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Defending life from the moment of conception

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News, 24 May 2001

24 May 2001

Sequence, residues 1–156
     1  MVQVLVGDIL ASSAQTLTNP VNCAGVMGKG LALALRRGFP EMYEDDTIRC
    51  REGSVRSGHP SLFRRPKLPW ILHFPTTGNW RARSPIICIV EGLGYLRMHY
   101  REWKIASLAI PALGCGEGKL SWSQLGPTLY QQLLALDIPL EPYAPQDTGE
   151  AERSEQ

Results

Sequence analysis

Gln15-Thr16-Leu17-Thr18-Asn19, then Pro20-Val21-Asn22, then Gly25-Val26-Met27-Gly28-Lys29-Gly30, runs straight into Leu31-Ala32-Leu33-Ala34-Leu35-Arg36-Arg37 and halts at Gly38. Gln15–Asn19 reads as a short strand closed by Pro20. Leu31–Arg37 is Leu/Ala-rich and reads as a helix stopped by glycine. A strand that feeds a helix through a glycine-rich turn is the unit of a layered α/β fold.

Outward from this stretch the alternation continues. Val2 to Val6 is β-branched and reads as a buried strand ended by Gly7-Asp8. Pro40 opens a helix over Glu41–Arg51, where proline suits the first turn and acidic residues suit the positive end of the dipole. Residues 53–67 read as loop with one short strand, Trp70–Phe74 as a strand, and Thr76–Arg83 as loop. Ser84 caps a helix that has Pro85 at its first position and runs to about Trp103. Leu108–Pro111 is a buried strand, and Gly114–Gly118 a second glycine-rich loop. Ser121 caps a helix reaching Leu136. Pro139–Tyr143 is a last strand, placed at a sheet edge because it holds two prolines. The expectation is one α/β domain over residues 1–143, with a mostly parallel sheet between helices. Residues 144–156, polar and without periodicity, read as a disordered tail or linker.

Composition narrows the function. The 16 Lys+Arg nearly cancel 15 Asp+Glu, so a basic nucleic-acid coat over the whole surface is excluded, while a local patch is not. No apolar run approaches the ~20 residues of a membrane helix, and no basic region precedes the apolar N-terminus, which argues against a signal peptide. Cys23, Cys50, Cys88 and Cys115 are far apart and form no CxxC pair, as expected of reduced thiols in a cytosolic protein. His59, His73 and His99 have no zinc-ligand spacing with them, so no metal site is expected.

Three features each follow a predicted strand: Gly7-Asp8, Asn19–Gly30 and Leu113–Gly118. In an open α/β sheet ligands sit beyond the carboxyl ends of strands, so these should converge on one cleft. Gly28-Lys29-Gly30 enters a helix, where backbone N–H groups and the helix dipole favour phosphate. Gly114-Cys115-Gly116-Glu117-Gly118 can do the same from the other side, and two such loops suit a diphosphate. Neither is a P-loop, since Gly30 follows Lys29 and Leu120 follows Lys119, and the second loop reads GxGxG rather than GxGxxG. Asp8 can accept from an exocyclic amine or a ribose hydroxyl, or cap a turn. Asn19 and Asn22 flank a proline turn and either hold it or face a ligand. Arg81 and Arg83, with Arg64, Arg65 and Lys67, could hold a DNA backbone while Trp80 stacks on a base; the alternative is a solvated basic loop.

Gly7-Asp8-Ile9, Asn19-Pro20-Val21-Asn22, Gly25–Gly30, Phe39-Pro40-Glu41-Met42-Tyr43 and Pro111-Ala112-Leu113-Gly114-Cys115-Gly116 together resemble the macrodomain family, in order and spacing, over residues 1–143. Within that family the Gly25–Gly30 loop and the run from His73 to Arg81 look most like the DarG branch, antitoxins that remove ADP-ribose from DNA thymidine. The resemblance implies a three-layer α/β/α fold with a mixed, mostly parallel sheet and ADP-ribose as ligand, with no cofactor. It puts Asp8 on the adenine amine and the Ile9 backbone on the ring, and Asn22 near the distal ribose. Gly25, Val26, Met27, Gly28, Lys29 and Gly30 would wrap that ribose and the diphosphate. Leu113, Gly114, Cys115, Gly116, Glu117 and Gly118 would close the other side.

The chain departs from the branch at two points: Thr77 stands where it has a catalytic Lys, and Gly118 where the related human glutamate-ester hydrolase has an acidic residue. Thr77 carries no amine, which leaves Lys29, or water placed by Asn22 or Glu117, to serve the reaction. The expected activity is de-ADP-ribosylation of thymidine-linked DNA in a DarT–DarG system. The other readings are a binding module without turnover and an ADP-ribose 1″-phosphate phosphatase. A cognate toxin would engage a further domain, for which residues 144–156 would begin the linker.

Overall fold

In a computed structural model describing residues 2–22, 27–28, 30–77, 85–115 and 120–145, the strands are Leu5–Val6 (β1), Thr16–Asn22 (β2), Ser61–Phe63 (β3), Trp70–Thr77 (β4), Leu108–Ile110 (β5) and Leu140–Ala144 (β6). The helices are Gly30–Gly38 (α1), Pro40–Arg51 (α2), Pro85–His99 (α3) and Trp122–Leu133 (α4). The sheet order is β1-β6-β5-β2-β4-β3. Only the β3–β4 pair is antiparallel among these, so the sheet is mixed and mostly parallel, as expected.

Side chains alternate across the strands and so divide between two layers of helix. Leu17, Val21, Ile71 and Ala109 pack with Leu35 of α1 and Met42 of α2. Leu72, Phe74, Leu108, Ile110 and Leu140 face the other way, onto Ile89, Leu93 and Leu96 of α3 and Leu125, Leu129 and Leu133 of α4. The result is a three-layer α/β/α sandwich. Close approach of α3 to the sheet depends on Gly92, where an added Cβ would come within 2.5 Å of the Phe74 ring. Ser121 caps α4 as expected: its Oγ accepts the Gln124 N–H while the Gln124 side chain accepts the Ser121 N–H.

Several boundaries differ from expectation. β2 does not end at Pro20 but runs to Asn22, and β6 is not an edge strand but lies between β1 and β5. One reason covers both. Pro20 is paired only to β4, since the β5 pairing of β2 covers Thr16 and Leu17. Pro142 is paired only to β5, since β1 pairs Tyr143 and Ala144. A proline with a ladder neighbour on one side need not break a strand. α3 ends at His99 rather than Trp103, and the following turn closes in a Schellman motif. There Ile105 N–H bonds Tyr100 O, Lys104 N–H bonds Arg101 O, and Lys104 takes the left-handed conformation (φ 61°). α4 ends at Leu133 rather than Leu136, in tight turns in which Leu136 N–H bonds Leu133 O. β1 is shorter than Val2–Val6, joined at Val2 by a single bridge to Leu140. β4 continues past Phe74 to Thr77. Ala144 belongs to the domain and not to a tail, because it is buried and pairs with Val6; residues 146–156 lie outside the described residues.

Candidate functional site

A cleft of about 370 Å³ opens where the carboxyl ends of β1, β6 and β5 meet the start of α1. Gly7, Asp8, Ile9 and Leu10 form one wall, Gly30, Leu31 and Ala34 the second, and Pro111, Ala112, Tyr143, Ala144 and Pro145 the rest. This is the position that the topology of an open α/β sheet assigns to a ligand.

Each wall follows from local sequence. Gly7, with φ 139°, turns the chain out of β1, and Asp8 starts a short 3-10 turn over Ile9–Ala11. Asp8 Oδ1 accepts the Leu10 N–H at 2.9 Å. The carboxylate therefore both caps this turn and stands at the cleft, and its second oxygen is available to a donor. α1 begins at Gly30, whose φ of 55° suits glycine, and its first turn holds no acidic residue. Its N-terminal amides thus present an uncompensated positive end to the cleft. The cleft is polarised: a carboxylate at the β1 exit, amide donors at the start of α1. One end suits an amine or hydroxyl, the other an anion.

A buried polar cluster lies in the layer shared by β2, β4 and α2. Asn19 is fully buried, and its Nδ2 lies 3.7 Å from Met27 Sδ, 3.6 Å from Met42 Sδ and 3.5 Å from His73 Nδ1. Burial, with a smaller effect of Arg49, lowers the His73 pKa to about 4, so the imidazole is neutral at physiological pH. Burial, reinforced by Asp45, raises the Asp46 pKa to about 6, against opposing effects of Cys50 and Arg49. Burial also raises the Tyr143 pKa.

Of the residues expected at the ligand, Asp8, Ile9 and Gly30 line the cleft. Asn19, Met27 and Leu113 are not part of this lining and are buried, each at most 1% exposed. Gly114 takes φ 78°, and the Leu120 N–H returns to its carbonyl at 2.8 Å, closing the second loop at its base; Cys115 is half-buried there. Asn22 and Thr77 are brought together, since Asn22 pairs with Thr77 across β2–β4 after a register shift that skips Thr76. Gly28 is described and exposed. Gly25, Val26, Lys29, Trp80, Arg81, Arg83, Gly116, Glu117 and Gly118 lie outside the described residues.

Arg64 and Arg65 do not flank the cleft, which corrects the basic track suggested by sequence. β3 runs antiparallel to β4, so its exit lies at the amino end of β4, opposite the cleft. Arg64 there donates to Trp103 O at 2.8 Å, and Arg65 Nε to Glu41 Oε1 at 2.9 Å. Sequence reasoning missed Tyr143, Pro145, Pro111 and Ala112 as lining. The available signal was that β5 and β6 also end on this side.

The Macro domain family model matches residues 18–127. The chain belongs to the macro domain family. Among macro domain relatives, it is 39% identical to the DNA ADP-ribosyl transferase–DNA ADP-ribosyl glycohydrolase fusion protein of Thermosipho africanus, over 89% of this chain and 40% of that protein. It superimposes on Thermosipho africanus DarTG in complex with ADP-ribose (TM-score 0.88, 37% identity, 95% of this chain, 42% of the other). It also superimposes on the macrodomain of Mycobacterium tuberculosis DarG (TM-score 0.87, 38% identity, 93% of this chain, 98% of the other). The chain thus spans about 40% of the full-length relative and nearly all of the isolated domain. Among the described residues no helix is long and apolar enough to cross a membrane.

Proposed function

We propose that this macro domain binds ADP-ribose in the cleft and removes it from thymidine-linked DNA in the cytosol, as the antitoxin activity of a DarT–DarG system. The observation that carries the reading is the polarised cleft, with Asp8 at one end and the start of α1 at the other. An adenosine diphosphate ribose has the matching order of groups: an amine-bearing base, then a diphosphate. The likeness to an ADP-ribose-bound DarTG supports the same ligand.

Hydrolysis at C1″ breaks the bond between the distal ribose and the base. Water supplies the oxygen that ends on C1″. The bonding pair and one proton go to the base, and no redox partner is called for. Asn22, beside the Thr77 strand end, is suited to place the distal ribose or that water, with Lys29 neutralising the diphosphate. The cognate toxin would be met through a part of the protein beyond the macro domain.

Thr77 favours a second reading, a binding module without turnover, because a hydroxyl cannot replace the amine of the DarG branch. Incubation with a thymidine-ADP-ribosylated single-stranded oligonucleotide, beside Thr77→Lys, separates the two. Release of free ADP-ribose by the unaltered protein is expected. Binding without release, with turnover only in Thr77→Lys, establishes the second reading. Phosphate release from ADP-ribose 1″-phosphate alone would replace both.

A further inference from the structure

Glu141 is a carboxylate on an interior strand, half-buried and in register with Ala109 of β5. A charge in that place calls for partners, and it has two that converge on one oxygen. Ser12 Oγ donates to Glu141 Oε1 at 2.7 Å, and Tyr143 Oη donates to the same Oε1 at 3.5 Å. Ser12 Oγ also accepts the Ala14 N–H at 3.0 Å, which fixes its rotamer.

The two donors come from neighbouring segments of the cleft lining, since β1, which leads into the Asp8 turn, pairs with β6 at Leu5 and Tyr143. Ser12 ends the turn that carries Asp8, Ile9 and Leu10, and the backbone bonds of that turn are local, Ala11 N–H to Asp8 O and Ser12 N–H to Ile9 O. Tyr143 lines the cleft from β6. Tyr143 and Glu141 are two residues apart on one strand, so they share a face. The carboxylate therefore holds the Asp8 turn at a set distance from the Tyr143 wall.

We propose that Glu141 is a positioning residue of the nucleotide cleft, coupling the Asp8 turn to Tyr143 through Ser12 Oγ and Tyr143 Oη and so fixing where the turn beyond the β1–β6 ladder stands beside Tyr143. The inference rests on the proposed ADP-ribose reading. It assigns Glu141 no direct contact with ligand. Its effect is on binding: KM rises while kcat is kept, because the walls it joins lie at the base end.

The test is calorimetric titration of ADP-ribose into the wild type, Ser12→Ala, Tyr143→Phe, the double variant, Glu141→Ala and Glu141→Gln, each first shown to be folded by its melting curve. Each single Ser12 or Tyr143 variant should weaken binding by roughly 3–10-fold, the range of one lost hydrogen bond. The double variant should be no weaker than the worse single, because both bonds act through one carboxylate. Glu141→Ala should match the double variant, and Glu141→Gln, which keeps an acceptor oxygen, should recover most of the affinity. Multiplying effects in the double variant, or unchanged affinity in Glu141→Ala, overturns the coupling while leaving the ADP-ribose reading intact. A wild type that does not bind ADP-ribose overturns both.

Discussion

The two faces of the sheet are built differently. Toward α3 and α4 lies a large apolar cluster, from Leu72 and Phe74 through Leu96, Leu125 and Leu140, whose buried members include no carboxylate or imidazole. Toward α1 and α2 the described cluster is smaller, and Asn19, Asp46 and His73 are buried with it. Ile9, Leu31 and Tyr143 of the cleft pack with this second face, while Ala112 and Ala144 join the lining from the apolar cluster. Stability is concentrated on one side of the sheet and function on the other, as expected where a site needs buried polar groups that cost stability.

24 May 2001 American researchers are attempting to automate the process of in vitro fertilisation (IVF), raising fears that the innovation could lead to production lines of genetically screened human embryos. David Beebe at the University of Wisconsin and Matthew Wheeler at the University of Illinois have developed microchips which can carry out all the major steps involved in IVF treatment and they now hope to produce one microchip to combine all the steps. The device could potentially be used to screen embryos for genetic anomalies as part of the process. Dr George Seidel, a reproductive physiologist at Colorado State University, claimed that the technology could mean that IVF would become the normal means of human reproduction within a century. [BBC News online, 23 May ; The Times, 24 May ] The president of Germany has expressed serious concerns about eugenics, euthanasia and pre-implantation genetic diagnosis. President Johannes Rau said that these were bound up with bad memories of Germany's Nazi past. His remarks have been seen as a clear rejection of Chancellor Gerhard Schröder's suggestion that strict German laws on biotechnology which ban research on human embryos should be amended. Commentators have claimed that the president's insistence that "what is ethically indefensible cannot be permitted for economic reasons" is in line with majority German opinion. [The Guardian, 22 May ] An attempt by the ProLife Alliance to force the BBC to screen its election broadcast in Wales is continuing at the High Court today [see yesterday's digest]. The Independent Television Commission has also argued that the film should not be broadcast because it includes pictures which depict the consequences of abortion. Counsel for the ProLife Alliance told Mr Justice Scott Baker that the pictures were necessary to bring home the reality of abortion and that to prevent them being shown would contravene the Human Rights Act. [BBC News online, 24 May ] The British general election takes place two weeks from today. A decision by an appeals court in the United States could open the way for the US Supreme Court to reconsider its 1973 judgement in Roe v Wade. The US Court of Appeals for the second circuit in Manhattan ruled on Tuesday that pregnant illegal immigrants have no right to prenatal care under Medicaid [public health funding]. In making its decision, the appeals court panel raised the judgement in Roe v Wade, which stated that an unborn child had no constitutional protection to assure him or her an opportunity to be born. This means that, were the case to reach the US Supreme Court, the justices would have a chance to reconsider the 1973 judgement which declared a constitutional right to abortion. [The New York Times, 23 May ] Dana Scallon, an independent Irish member of the European parliament, has urged her countrymen to reject the Treaty of Nice when they cast their votes in the forthcoming referendum. She warned that the treaty, which paves the way for the enlargement of the European Union, could lead to the legalisation of abortion in the Irish Republic because it would bring about a two-tiered Europe in which larger countries controlled policy decisions. [Catholic News Service, 23 May] The Roman Catholic bishops of Latin America have called on Catholics to defend human life. At the end of the 28th ordinary assembly of the Latin American bishops' council in Venezuela, the prelates reaffirmed "in the name of Jesus" their "commitment to the defence of each human life, from its conception to its natural end". [EWTN News, 21 May] A national opinion poll in the United States has claimed that 70 percent of the population support federal funding of destructive embryonic stem cell research. The poll, conducted by Caravan OCR International for a coalition of organisations involved in medical research, also suggested that a majority of Catholics, other Christians and those describing themselves as pro-life supported embryonic stem cell research. The Bush administration is conducting a review of the previous administration's decision to authorise federal funding of such research. [PRNewswire, 23 May]Abortionists in the United States are launching an advertising campaign for the RU-486 abortion drug. The National Abortion Federation, which represents 400 abortion providers across the US, is placing advertisements in a number of magazines at a cost of two million dollars. The costs have been met by private contributors such as the David and Lucille Packard Foundation. [AP, via Star Tribune, 23 May ]

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